The Parents Toolshop® Guidebook:
5 Easy Step to Effectively Respond to Any Parenting Challenge

The Parent Problems Toolset!  

  • Chapter 20: How to Keep Your Cool and Keep Kids from Erupting
  • Chapter 21: Ten Tactful Talking Tools to Get Your Point Across Without Lectures or Threats
  • Chapter 22: Practice Keeping Your Cool


If you read the Prevention Toolset chapters and the Child Problems Toolset chapters of The Parents Toolshop® Guidebook,  you have discovered and had time to practice the five five-star tools taught in those chapters. They are the most important parenting tools. You’ll be using them again soon, to redirect misbehavior. But first, we need to pick up the PASRR Formula where we left off, so you know how to express your concerns calmly and assertively.

So, here’s where we are in the Universal Blueprint® Problem-Solving System / PASRR Formula:

You’ve already learned how to:

Prevent Problems from starting or worsening, with the Prevention Toolbox: Cooperation Toolset

Acknowledge the child’s feelings, with the Child Problem Toolbox: F-A-X Listening Toolset

Now you are ready to learn how to:

Set limits and express concerns, with the Parent Problem Toolbox: Keep Your Cool Toolset

The Parent Problems Toolset focuses on managing anger– both yours and your children’s.

Pam is a grandparent raising her grandchildren. One day, she went to pick up her four-year-old grandson at a party. She thought he was going to be supervised but when she arrived she saw him running around the front yard, darting into the street, and then rolling under a van parked in the driveway of the “party house.”

 She was scared for her grandson’s safety, angry that the chaperone’s weren’t supervising him, and angry with her grandson, who knew better than to play in the street or around cars.

 As she pulled up, her grandson hopped in the van. She was steaming, so she just left and decided not to let him play there again unless she had a chance to talk to the parents.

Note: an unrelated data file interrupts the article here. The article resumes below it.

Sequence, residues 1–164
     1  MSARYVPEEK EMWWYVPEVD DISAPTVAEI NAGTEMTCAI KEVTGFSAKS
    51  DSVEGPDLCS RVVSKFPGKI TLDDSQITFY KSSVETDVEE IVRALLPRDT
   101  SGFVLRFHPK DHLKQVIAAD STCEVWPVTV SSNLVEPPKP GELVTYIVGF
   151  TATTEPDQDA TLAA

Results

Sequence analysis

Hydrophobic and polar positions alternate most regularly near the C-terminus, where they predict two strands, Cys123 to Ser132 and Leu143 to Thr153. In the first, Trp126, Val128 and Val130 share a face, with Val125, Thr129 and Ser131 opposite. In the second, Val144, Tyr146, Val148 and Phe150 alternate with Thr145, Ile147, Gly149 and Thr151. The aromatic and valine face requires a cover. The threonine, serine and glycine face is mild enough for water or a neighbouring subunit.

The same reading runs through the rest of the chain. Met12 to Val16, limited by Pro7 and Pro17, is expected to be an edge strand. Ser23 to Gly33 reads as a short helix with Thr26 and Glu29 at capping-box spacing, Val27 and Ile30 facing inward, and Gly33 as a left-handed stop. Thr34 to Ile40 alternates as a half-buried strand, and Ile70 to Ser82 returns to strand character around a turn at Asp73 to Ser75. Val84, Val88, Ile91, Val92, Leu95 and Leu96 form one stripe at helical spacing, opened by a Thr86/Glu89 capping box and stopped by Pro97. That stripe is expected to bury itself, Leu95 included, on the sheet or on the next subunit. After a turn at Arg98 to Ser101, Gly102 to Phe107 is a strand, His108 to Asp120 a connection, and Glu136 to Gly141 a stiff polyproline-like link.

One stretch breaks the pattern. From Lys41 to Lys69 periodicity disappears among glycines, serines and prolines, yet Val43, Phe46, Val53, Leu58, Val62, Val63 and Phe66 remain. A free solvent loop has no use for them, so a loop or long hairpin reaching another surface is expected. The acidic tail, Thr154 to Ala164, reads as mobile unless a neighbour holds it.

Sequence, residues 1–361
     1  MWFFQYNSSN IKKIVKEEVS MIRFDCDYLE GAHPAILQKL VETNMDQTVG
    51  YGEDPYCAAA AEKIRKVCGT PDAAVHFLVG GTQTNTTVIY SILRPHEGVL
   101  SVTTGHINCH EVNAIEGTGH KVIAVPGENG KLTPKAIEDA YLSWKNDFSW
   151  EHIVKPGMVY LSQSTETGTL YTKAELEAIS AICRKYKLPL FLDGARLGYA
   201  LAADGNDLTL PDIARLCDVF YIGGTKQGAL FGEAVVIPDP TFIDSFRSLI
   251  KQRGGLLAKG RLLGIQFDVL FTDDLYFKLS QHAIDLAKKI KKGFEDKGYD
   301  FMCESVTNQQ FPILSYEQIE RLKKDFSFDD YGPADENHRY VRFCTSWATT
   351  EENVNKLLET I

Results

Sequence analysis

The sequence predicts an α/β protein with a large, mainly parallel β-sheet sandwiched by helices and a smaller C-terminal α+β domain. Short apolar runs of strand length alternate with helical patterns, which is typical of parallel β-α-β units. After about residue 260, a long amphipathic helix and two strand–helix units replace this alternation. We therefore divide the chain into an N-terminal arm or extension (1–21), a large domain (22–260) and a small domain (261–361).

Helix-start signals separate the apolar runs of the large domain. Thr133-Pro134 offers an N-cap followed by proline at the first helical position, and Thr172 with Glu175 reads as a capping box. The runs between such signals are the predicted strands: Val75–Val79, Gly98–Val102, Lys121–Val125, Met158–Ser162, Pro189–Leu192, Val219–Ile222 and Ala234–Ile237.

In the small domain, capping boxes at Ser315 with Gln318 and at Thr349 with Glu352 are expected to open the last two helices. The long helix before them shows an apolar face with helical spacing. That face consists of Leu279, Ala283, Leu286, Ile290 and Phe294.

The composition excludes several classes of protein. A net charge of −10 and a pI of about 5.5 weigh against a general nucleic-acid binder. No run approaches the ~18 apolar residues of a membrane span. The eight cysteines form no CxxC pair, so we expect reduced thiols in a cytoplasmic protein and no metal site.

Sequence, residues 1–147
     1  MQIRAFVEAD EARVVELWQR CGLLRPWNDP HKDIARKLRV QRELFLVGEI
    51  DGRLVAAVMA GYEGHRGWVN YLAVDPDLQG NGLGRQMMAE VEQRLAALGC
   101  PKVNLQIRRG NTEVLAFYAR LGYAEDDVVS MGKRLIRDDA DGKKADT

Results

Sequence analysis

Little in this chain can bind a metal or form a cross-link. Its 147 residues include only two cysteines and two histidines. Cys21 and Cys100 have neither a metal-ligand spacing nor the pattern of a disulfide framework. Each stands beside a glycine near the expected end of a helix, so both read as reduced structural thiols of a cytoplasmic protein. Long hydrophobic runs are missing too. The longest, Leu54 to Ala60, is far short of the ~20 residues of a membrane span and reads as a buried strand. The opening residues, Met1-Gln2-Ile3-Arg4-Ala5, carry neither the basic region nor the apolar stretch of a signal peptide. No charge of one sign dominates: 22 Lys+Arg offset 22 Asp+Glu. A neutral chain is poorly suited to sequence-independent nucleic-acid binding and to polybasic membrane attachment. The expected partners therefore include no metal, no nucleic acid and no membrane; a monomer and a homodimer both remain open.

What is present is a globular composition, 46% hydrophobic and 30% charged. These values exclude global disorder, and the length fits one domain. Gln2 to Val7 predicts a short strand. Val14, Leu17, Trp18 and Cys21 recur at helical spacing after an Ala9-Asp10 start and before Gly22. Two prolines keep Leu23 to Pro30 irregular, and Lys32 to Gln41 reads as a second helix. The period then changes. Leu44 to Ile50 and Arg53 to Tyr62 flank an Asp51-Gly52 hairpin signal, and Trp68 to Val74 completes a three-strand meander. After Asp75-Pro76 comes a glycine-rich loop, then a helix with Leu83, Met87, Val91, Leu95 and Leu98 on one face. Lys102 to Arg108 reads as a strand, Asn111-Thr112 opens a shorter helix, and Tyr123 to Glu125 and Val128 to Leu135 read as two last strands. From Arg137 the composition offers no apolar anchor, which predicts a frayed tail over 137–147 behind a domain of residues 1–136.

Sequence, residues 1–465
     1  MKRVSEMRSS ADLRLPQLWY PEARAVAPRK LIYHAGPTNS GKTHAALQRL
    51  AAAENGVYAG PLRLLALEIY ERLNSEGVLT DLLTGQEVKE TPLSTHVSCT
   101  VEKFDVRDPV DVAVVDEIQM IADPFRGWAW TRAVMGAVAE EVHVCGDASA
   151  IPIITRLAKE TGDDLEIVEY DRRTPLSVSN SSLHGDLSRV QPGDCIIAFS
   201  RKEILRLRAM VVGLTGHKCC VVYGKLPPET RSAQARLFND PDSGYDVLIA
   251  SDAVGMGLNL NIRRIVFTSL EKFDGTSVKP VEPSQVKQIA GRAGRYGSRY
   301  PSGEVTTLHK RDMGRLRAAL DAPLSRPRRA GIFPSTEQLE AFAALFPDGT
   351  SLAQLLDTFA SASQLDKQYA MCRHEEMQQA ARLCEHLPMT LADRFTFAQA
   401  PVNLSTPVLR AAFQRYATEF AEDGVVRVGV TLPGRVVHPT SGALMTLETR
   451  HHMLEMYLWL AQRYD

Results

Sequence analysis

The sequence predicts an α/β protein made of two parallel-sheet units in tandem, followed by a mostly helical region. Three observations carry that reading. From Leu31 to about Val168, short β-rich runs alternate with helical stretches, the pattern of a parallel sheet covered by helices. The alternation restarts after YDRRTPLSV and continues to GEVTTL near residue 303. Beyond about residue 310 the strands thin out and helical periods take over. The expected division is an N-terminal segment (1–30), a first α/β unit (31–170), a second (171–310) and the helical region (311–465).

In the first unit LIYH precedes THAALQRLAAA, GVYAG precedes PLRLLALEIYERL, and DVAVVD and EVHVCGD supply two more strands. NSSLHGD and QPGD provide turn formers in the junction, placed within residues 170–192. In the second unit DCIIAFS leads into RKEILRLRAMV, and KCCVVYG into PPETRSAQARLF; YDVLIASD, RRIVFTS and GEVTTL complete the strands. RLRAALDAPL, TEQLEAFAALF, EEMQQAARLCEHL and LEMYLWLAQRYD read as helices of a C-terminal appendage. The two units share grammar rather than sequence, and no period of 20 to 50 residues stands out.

In the car, her grandson was excitedly telling her about the party. Pam interrupted him and started to scold him for playing under the van. He started to get upset. She remembered what she’d learned in the T.I.P.S. class and said, “I’m too angry to talk right now. We’ll talk more after we get home and I’ve calmed down.”

 Then, she said she counted to 10 … about 20 times, the whole way home. When she got home and had calmed down, her grandson came to her, apologized for his behavior and said he knew better. She reviewed the safety rules with him, by asking him questions (using F-A-X Listening), and got an agreement for his future behavior. He was still not allowed to play at that house without her present, but she didn’t need to yell, scold or punish him, like she would have in the past.

 Not knowing how to manage your anger can sabotage your overall parenting, because even using effective parenting tools in anger can turn them into weapons that can highjack your best intentions.

What Is Anger?

  • Anger is a natural physical and emotional reaction to a perceived threat. It is also a secondary emotion, meaning that it’s a result of other emotions such as frustration, hurt, annoyance, resentment, etc.
  • Anger is not caused by people and events, even though it may seem to be! Rather, it is your belief about or interpretation of the event that determines your feelings about and responses to the event. For a powerful pictorial explanation of what goes on inside the body when you feel emotions, check out a handout I use for my Stress-Free workshops. Understanding the biology of your emotions can support you in effectively managing them, and you’ll better help your children do the same.